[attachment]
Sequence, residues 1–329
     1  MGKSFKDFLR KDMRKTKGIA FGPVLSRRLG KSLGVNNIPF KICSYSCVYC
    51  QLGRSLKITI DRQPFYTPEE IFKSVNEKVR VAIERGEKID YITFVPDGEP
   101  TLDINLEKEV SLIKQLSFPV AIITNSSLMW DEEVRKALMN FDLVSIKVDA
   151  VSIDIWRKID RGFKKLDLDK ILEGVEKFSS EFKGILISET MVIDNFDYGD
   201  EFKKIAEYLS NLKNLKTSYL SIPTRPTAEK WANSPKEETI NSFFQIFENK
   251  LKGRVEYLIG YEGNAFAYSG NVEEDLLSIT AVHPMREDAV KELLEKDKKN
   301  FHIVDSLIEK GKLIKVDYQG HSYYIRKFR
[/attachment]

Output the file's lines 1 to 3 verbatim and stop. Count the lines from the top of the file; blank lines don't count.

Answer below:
Sequence, residues 1–329
     1  MGKSFKDFLR KDMRKTKGIA FGPVLSRRLG KSLGVNNIPF KICSYSCVYC
    51  QLGRSLKITI DRQPFYTPEE IFKSVNEKVR VAIERGEKID YITFVPDGEP